I’ve been writing a lot of C# middleware lately and it’s not uncommon to have a need for throwaway delegates.

For example:

private delegate int rInt_StringInt(string arg1, int arg2);

private int Delegated(String Foo, int Bar) { 
    // Here be dragons 
} 

private void DoSomething() { 
    // BeginInvoke calls a delegate on the main thread 
    // but for the purpose of this example it's just 
    // something that takes a delegate 
    BeginInvoke(new rInt_StringInt(Delegated), new object[] {"Pizza", 1234}); 
} 

While this works fine, it leaves one with the “You’re doing it wrong” feeling. After working on a project where it became obvious I was going to require hundreds of these throwaway delegates I started to do some digging. In .Net 3.5, Microsoft introduced the Action and Func delegates. These utilize generics to generate these throwaway delegates in a clear manner.

The example above becomes:

private int Delegated(String Foo, int Bar) { 
    // Here be dragons 
} 

private void DoSomething() { 
    // BeginInvoke calls a delegate on the main thread 
    // but for the purpose of this example it's just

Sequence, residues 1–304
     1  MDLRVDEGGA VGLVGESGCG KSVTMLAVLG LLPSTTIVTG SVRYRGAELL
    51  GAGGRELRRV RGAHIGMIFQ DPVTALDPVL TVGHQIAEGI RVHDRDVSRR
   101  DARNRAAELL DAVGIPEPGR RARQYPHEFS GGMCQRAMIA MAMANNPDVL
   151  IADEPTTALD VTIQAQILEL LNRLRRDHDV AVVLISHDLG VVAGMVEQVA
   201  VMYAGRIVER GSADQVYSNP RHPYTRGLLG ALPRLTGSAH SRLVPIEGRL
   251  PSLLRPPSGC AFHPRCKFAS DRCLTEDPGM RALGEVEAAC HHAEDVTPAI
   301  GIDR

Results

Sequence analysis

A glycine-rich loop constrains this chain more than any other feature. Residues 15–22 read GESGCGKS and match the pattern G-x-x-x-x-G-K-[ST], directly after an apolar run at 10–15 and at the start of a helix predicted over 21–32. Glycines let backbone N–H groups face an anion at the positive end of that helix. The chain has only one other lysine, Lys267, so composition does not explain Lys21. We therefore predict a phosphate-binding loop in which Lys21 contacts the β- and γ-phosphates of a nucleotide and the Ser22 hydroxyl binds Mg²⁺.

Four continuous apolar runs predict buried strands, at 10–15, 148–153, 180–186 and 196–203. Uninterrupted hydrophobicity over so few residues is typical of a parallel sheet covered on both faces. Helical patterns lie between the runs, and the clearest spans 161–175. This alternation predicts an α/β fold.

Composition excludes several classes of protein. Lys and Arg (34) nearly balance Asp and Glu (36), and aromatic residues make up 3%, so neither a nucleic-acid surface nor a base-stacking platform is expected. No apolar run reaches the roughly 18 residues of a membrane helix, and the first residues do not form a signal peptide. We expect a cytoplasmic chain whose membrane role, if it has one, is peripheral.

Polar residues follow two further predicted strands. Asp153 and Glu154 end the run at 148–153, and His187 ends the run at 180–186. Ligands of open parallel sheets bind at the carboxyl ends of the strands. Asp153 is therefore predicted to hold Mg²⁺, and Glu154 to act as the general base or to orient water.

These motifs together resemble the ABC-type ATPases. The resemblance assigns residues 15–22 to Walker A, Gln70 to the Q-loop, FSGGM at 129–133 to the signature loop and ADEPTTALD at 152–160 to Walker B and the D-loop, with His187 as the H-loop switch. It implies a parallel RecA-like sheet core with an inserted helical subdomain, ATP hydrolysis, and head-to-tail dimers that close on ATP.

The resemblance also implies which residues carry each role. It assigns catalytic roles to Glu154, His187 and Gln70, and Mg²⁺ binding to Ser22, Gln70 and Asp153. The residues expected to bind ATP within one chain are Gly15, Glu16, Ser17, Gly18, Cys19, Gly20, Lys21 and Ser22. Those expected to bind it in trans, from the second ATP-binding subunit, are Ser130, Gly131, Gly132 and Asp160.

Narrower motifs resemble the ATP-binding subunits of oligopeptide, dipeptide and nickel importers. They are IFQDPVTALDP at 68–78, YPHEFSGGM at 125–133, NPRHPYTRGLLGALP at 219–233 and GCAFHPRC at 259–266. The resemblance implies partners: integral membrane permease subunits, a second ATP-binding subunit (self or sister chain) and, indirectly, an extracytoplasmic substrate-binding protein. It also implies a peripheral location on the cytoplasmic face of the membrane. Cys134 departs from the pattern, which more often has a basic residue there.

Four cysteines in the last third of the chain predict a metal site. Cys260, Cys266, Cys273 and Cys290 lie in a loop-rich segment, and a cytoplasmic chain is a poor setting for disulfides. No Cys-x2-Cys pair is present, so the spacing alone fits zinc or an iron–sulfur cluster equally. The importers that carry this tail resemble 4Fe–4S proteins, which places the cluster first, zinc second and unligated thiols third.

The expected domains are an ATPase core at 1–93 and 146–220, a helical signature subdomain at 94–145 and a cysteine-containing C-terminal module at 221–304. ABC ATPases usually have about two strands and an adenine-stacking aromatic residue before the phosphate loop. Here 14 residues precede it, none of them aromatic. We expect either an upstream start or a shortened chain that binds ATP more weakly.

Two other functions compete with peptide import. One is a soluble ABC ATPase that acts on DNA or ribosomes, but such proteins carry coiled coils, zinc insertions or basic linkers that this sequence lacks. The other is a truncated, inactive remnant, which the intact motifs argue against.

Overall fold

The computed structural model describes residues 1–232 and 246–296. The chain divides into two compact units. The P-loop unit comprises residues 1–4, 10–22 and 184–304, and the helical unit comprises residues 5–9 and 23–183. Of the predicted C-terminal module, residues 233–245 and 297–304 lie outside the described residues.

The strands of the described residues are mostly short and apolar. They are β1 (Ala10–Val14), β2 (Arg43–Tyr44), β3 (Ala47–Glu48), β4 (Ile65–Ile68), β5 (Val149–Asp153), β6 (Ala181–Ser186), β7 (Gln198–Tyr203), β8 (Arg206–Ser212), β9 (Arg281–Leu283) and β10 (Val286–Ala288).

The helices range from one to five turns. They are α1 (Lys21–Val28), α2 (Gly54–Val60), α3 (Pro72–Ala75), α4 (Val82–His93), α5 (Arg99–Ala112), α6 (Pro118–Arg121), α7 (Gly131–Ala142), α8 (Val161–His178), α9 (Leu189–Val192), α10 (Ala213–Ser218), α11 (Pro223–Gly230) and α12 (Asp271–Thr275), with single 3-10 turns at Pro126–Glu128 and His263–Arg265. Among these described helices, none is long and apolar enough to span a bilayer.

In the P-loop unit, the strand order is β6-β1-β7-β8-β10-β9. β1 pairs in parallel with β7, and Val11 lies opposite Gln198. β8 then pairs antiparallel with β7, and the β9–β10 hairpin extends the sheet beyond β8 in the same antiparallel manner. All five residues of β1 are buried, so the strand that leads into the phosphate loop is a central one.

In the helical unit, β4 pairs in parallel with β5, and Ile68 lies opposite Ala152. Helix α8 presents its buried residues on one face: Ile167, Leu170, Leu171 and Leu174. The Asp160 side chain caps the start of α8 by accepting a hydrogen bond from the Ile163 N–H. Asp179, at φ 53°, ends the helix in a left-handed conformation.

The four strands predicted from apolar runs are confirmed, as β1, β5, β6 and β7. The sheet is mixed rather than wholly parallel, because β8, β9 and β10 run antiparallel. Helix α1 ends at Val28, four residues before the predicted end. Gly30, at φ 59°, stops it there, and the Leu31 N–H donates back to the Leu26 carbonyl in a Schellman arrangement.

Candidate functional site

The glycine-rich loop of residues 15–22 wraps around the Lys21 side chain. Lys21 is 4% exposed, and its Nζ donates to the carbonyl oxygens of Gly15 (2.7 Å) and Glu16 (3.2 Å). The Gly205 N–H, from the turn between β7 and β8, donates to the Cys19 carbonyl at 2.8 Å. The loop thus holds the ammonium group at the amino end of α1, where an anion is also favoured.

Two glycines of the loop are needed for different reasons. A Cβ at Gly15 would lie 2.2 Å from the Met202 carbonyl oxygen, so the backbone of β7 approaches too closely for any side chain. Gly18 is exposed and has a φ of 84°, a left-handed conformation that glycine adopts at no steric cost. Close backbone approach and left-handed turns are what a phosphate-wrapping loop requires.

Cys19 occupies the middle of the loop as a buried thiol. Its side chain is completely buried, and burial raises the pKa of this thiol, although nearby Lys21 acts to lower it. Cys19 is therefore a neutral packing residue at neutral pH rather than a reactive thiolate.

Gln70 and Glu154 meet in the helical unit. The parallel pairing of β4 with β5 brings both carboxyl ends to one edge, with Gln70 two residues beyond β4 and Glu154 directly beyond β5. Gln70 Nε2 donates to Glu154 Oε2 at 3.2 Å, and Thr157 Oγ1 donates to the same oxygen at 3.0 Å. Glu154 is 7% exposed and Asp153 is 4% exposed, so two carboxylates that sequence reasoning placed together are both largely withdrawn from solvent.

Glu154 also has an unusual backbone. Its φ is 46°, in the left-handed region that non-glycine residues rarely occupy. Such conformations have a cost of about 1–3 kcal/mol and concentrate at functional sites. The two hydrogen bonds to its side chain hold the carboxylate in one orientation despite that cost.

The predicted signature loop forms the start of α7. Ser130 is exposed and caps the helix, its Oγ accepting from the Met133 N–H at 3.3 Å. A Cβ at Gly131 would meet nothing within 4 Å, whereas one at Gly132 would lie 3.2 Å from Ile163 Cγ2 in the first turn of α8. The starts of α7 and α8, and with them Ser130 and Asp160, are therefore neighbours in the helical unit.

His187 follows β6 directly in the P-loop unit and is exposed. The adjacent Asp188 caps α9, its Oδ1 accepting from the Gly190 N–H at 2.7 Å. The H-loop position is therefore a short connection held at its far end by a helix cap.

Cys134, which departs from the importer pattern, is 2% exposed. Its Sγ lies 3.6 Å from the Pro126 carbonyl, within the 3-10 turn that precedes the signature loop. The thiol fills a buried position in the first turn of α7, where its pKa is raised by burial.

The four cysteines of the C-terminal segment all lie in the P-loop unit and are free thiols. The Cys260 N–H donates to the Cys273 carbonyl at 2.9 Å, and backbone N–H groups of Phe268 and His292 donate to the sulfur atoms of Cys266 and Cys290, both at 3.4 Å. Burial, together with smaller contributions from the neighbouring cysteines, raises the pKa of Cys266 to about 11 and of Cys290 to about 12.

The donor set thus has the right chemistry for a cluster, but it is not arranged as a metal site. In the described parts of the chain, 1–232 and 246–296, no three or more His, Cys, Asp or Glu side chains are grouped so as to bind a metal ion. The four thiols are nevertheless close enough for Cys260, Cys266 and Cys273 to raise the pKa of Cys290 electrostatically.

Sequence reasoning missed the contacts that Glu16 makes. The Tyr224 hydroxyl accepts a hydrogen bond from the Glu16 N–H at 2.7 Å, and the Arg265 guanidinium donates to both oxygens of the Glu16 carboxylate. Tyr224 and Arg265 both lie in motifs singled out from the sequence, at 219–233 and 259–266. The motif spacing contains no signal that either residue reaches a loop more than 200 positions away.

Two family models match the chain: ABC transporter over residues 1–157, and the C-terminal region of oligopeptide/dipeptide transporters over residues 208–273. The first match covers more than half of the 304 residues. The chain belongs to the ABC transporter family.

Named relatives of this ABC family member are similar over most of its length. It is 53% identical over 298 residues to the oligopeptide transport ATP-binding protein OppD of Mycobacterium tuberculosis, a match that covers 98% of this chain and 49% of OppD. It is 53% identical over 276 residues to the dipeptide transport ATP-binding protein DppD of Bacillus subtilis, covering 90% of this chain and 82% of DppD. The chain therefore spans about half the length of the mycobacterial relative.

// something that takes a delegate 
    BeginInvoke(new Func<string, int, int>(Delegated), new object[] {"Pizza", 1234}); 
} 

This in itself isn’t too drastic of a change since it is such a trivial example. When you add in multiple developers, each with their own shorthand for creating throwaway delegates is where you’ll be happy you used them.

One thing to keep in mind is that in .Net 3.5, the Action and Func delegates were limited to 4 parameters. In .Net 4.0 this has been extended to 9. In the case that you are limited to 3.5 or are working against an insane API that requires 12 parameters to do anything, you can easily roll your own variations of these same delegates.

 
protected delegate TResult Func<T1, T2, T3, T4, T5, TResult> (T1 arg1, T2 arg2, T3 arg3, T4 arg4, T5 arg5); 

If you want to get tricky and start accepting out or ref parameters, you can as well:

 
protected delegate TResult OutFuncR1<T1, OT1, TResult> (T1 arg1, out OT1 outArg1); 

But at this point you need to start coming up with your own name for the generic versions of the delegates which begins to create the multiple developer shorthand issue again. Another thing to keep in mind is that the out parameters will be changed in the array you pass to the Delegate invocation method but not whatever populated the array in the first place.